“How was it forced” you may ask? Well, if I am married (which I am) and my brother is also married, yet he died before producing a son, I am forced to marry his wife in order to produce a son for him. This is according to biblical law. The “Eternal law” given through Moshe mind you.

Likewise, there are laws dictating the criteria a man must meet, before he can marry a second wife. If he cannot meet those criteria then he is not allowed to marry a second wife. The elders would judge this, not the man himself. It was, therefore, the men that had some money in their pockets that could marry more than one wife.

Not every wealthy man married more than one wife, however. For that was a individual choice. What I cannot stand is seeing non-Jews hijack our Jewish bible and then misrepresent it by condemning sex, sexual desires and allowable leanings towards single women. Judaism celebrates sex, it just can’t be done in the open, but in private. Judaism also dictates what is allowed and not allowed in relationships, we see this in Lev 18 and in Lev 20 and in other places.

Many biblical characters were polygamous. One cannot use Hagar as a prime example for good, because she was not even free, rather she was the slave of Sarah and not everyone wanted to be slave. Slaves had little rights. One cannot use Leah for an example either, because Jacob was deceived by Laban and Jacob never intended to marry Leah. Once Jacob had sex with her though he was obligated to marry her. This is because that was the law of the land in Haran and in many Middle-Eastern cultures. Keep in mind that the Mosaic law came more than 430 years later, yet it was similar to the surrounding countries in regards to marriage, polygamy and virgins.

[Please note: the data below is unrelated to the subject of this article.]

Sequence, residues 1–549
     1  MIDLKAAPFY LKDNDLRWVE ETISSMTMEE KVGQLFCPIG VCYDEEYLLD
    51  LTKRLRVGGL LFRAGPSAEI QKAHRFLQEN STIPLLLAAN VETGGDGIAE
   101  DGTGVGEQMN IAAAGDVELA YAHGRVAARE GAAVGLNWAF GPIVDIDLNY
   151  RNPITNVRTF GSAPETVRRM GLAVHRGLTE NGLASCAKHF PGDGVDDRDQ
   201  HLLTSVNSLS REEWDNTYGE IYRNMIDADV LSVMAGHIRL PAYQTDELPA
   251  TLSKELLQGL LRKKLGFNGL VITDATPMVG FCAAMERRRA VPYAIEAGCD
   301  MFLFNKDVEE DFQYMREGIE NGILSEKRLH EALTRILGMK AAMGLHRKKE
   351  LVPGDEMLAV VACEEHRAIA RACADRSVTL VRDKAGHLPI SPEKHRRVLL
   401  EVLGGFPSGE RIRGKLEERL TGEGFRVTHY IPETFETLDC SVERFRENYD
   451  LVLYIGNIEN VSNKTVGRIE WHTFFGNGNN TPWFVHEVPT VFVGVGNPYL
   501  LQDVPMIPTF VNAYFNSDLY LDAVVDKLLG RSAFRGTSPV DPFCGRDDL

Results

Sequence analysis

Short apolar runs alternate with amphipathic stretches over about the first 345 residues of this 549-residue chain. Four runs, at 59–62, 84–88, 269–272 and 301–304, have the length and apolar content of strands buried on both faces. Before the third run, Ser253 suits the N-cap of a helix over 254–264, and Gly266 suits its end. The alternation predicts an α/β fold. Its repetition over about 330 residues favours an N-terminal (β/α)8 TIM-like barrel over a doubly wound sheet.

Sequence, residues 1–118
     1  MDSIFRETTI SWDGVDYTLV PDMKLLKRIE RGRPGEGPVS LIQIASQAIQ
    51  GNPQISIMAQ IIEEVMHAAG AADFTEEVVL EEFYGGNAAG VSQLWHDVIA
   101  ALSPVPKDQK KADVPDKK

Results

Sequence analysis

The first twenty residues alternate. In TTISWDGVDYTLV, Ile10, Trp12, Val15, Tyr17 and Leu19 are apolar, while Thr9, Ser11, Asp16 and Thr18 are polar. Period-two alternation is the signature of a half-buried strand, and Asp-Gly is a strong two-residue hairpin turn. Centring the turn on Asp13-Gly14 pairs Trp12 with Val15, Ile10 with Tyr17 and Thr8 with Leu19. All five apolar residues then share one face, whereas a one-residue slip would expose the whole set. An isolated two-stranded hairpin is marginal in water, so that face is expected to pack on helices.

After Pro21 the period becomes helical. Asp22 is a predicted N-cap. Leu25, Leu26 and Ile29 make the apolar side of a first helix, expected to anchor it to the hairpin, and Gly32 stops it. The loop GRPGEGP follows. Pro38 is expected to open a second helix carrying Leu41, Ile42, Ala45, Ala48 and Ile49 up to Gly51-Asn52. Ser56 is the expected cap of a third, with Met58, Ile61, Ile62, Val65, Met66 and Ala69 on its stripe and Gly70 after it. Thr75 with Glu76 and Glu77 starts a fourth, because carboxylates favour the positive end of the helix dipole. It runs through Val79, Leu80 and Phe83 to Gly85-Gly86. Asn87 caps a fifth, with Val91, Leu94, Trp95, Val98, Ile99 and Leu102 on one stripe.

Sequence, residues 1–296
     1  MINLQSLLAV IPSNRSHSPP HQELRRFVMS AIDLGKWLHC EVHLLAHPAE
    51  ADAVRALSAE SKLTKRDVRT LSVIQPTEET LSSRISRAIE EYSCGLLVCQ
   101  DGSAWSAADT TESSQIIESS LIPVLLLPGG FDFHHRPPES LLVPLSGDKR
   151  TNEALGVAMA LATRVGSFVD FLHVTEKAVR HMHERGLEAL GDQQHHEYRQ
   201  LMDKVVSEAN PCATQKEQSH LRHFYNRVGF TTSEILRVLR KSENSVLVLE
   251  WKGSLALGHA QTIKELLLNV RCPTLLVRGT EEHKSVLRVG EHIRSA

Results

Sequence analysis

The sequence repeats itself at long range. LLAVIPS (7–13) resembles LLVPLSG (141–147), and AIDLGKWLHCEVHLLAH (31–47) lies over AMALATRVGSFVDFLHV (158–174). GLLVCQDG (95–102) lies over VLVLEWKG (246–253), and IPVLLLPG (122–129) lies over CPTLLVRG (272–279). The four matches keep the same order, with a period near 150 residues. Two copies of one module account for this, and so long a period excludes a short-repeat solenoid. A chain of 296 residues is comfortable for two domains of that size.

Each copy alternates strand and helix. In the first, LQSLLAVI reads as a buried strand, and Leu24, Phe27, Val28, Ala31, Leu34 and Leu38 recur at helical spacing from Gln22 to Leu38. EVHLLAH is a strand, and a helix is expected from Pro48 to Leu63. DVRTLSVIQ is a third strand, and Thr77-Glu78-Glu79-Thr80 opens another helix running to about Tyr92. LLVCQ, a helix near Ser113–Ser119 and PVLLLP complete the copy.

What could Jacob do? How could he get out of it? He couldn‘t because he was already staying under Laban‘s roof, therefore her shelter and food and clothing was already provided!!! I feel sorry for Leah.

Abraham did not sin, nor Jacob, nor any of the other biblical characters, because polygamy is allowed.

Polygamy was practiced among all Jewry up to about the 10th century when Rabbeinu Gershom gave a anti-Torah ruling. This ruling was only accepted by the Jewish communities around Germany and those of the North, commonly called the Ashkenazic communities. The Jewish folks in Spain and those in more Southern areas, called Sefardic Jews, did not accept these rulings or judgments. Yemenite Jews and Jewish communities that lived in Islamic lands did not accept this ruling either. In fact, some Yemenite Jews living today are still polygamous.

Now here are some of those laws:

And if a man sell his daughter to be a maidservant, she shall not go out as the menservants do. If she please not her master, who hath betrothed her to himself, then shall he let her be redeemed: to sell her unto a strange nation he shall have no power, seeing he hath dealt deceitfully with her. If he take him another [wife]; her food, her raiment, and her duty of marriage, shall he not diminish. And if he do not these three unto her, then shall she go out free without money,” Exodus 21:7-11